Dentons, the global law firm, recently released its Global Regulatory Trends to Watch in 2017. In this five-part series, we are publishing excerpts from the report focusing on public affairs and economic sanctions and trade across the world, including the US, Europe, the UK, China, Canada and Mexico. Authors for these excerpts are Andrew Cheung, Joseph Lougheed, Adrian Magnus, James Moore, Kenneth Nunnenkamp, Michael Zolandz, and Richard Jenkinson.
The UK Prime Minister, Theresa May, who was appointed to succeed David Cameron, has made it clear in a speech made on January 17, 2017, that she does not see a future for the UK in the Single Market. Although she has not made it clear, it appears likely that she also wishes to exit the EU Customs Union. However, while on the one hand suggesting a complete extrication from all of the international agreements that hold EU Member States together (along with certain other European countries that are party to some agreements but not others) she has also said that she would like this to be accompanied by a comprehensive free trade agreement with the EU.
The points made in May’s speech were reiterated in a White Paper (a UK Government policy document) published on February 2, 2017. Although the White Paper was hailed as a plan for Brexit, it contains very little new information on the UK Government’s intentions and does not address the mechanics of Brexit in any substantive detail.
Crucial issues remain unresolved by the White Paper. For example there is, as yet, no detailed UK Government proposal for the management of the border between Northern Ireland and the Republic of Ireland (which is and will remain an EU Member State) upon Brexit. This is a highly contentious issue given the troubled history of Anglo-Irish relations and likely problems a hard border will create for the peace process.
May’s plans for the UK are no longer necessarily the UK’s plans. The UK’s Supreme Court ruled on January 24, 2017 in the Miller case that the triggering of Article 50 of the Treaty of European Union (TEU) (a recently-inserted exit mechanism in the EU treaties) could not be triggered by the UK government without primary legislation by Parliament authorizing it to do so. The UK Government has responded by publishing a very short bill which would do just that. After passing the House of Commons, some members of the House of Lords are now in the process of proposing amendments which either try to specify “softer” Brexit terms (e.g. retention of the Single Market) or the ability to approve/reject a deal (with rejection resulting in remaining in the EU). While May has already conceded a vote in Parliament on the final deal with the EU prior to Brexit, it appears that Parliament’s alternative to accepting this deal would not be the UK remaining in the EU but rather exiting without a deal. This would subject the UK to the economic shock of crashing out of every free trade agreement to which it had signed up to at the same time. It is therefore difficult to envisage a deal which would be bad enough to justify a vote for exiting the EU with no deal.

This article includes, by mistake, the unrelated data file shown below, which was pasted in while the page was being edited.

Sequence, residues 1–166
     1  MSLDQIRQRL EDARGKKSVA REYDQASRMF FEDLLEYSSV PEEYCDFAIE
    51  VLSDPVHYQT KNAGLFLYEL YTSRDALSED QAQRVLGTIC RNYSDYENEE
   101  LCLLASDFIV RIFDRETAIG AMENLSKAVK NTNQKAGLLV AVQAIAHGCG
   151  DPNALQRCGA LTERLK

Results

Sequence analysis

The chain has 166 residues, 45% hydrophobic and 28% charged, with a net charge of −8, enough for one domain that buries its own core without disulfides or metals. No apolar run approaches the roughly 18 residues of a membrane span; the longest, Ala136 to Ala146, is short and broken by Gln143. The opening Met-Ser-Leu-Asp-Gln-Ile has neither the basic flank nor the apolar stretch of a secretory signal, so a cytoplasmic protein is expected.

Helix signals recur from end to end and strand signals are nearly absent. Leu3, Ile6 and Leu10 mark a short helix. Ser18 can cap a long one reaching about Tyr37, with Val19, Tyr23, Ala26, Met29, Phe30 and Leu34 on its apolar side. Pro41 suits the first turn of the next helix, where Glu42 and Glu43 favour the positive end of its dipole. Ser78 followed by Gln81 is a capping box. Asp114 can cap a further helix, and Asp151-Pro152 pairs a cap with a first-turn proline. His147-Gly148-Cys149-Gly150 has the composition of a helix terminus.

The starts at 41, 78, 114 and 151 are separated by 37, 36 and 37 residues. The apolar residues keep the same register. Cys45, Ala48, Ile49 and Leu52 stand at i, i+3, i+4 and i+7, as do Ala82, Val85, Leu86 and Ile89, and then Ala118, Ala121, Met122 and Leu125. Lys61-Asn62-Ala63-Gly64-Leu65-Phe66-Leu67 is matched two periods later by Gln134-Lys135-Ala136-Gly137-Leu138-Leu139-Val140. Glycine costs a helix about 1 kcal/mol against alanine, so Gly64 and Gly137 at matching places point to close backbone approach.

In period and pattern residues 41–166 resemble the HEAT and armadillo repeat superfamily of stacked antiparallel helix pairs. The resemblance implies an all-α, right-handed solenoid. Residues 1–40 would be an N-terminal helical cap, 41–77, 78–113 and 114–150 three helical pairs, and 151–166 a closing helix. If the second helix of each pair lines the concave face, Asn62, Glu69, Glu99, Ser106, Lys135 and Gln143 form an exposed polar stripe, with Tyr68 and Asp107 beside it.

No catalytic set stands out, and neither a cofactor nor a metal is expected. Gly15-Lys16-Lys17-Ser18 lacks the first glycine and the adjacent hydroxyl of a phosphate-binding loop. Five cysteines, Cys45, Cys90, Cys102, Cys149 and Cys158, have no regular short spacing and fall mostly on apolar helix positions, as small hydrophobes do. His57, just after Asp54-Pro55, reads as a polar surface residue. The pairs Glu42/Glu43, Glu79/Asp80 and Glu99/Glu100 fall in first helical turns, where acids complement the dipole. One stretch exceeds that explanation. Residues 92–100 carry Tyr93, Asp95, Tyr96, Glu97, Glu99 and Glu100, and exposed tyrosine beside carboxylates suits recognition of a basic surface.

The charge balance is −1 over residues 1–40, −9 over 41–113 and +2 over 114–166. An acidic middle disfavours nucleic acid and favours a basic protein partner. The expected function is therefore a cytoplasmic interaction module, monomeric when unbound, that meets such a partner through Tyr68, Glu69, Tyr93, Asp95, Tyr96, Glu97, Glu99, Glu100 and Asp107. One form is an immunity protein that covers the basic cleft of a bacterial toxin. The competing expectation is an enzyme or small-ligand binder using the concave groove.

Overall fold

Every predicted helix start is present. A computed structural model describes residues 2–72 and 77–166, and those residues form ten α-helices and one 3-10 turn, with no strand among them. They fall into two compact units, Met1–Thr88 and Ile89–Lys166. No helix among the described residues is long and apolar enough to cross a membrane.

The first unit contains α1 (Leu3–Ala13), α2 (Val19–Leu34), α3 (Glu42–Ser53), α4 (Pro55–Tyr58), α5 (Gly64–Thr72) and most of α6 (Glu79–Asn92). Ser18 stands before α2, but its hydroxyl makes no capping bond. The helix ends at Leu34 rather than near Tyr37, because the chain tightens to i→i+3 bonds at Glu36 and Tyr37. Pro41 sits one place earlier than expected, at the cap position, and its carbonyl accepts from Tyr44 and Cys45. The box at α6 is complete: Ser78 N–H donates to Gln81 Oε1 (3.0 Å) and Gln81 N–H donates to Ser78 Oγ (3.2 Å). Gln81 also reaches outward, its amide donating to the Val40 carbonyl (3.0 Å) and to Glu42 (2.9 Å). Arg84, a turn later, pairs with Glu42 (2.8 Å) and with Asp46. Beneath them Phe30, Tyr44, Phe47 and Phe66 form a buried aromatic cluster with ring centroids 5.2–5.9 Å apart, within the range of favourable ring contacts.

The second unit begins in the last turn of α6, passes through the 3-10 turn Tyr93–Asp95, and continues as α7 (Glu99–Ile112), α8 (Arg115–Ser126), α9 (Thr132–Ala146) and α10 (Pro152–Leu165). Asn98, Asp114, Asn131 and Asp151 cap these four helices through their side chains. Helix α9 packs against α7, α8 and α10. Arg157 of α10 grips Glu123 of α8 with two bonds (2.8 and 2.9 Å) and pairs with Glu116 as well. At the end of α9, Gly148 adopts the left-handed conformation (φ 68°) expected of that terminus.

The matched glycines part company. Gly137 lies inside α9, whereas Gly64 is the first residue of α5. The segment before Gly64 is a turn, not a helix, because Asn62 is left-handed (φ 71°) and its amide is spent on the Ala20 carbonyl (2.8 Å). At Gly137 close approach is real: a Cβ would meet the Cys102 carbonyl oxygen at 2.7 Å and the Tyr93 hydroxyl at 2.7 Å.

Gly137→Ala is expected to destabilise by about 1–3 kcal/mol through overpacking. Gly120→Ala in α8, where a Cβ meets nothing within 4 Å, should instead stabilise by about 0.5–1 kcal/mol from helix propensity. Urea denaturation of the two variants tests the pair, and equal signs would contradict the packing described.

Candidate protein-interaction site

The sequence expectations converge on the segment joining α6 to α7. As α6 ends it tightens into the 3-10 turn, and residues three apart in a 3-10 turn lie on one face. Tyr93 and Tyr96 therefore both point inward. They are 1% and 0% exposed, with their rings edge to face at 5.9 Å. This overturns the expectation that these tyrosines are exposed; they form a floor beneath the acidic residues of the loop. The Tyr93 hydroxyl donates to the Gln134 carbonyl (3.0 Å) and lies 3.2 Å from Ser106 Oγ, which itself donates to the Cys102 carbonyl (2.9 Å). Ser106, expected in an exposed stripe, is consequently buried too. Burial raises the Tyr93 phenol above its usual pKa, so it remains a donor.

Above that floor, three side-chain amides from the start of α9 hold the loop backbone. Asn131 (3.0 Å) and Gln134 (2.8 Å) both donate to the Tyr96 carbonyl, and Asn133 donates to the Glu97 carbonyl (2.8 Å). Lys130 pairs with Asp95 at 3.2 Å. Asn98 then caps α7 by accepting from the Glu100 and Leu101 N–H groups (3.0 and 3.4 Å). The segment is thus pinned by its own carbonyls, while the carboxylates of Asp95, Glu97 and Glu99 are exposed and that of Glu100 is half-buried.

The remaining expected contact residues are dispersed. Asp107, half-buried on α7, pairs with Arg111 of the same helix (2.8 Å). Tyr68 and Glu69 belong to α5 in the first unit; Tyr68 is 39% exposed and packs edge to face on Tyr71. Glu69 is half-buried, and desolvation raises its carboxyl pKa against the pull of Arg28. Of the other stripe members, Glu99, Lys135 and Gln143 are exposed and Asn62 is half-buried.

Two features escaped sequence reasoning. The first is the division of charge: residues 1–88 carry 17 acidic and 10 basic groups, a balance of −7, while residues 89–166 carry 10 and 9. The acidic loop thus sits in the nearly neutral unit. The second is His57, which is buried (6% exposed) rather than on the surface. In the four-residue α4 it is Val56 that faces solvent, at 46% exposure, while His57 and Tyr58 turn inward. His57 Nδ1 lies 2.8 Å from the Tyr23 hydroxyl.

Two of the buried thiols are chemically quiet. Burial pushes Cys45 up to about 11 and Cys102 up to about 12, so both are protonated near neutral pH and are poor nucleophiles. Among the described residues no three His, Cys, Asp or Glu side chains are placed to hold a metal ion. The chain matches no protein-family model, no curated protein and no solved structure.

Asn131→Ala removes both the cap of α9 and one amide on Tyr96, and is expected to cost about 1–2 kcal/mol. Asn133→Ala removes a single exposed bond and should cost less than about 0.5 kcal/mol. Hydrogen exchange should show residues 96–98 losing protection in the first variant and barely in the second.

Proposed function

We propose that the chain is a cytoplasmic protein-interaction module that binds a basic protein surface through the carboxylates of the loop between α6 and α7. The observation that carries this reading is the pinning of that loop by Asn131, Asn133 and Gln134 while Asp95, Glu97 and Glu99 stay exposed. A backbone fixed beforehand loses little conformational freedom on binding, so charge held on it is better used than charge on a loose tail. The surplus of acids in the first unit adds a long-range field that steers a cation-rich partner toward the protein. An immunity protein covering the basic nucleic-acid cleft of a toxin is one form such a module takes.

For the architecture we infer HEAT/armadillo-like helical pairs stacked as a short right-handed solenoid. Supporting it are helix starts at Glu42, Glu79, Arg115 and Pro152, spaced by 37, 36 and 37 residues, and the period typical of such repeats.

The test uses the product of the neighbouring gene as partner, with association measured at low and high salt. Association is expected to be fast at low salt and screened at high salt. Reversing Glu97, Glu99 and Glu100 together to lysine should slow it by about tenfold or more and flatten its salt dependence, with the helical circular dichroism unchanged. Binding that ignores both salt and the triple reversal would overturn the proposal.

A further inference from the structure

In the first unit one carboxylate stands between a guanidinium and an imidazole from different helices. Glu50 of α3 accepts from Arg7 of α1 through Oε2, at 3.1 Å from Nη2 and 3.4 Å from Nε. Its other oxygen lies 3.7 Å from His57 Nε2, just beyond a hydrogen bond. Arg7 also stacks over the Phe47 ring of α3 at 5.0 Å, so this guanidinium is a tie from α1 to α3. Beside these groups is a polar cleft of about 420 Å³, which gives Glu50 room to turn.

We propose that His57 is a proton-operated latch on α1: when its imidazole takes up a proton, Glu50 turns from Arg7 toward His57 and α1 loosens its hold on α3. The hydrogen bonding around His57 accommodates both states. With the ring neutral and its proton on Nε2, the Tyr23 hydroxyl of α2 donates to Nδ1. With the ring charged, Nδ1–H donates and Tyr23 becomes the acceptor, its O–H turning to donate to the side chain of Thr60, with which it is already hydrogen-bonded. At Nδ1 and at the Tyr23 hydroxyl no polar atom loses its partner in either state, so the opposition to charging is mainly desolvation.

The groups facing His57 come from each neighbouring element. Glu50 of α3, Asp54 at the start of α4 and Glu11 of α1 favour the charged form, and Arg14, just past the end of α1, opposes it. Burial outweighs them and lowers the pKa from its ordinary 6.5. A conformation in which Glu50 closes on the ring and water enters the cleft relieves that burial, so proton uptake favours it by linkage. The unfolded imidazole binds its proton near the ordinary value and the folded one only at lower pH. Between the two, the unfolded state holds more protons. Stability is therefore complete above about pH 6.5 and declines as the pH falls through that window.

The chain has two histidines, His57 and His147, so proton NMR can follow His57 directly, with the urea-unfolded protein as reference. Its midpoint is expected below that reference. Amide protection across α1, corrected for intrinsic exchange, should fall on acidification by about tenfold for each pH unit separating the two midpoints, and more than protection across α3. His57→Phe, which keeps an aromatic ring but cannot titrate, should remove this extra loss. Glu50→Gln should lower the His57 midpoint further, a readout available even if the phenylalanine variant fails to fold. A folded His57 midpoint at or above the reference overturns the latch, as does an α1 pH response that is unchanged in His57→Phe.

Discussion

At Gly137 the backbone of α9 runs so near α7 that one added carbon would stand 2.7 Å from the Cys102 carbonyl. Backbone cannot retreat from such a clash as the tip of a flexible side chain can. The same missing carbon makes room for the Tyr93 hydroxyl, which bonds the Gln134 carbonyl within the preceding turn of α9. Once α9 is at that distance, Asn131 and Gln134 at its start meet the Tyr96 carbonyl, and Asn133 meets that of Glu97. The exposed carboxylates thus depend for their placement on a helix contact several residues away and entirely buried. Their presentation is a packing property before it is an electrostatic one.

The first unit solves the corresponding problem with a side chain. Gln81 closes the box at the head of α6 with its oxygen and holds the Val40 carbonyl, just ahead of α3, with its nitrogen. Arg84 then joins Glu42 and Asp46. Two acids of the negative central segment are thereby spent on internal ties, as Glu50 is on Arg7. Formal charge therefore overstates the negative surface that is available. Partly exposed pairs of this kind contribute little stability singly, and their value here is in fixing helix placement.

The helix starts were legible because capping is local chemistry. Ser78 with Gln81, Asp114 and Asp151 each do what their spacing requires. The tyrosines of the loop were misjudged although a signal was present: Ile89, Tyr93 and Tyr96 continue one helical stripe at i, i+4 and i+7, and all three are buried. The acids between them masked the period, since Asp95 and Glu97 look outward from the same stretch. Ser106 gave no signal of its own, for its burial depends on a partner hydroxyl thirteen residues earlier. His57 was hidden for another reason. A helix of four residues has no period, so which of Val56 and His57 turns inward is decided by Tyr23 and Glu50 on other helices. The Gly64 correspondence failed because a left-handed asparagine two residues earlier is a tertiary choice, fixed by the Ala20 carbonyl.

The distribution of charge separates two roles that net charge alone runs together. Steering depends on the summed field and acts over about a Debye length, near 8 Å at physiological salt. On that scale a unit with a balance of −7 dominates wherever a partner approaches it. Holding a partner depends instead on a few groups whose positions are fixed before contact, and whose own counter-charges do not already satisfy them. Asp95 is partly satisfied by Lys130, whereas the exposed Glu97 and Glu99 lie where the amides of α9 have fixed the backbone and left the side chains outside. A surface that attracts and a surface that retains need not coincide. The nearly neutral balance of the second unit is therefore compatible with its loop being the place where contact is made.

Adding further uncertainty is the ambiguity on the revocability of the UK’s notice to leave the EU under Article 50. A key reason the UK Government lost in Miller was because of its concession for the purposes of the case that Article 50 was irreversible. It did so in order to avoid Miller being decided ultimately by the European Court, which has the final say on the interpretation of TEU. An EU court telling the UK how it could leave the EU would have been extremely contentious politically. A case has been launched with the support of crowdfunding to bring the question of the revocability of notice under Article 50 before the European Court via a reference from the Irish courts.
Yet another ambiguity is whether or not the exit of the UK from the EU also means its exit from the Single Market. The Single Market is also known as the EEA, and is held together by the EEA Agreement. This agreement has its own exit clause. It has been suggested that the exit of an EU Member State from the EU would trigger its automatic exit from the EEA; however, a separate mechanism for exit in the EEA Agreement implies otherwise.
If the UK enters a transitional deal, it is possible its exit from the network of agreements binding it to its fellow EU Member States will stall. The UK has an immense task ahead of it in extricating itself from the EU, one which many have suggested it is simply not capable of achieving. The UK’s civil service has been shrinking for many years and decades of having the European Commission negotiate international trade agreements on its behalf have left the UK short of the expertise it needs to negotiate its own deals. Additionally, the UK’s negotiating partners in the rest of Europe have indicated that they will take a hard line in negotiations. It is therefore unlikely that, by this time next year, a clear road map to the UK’s final destination will be in place.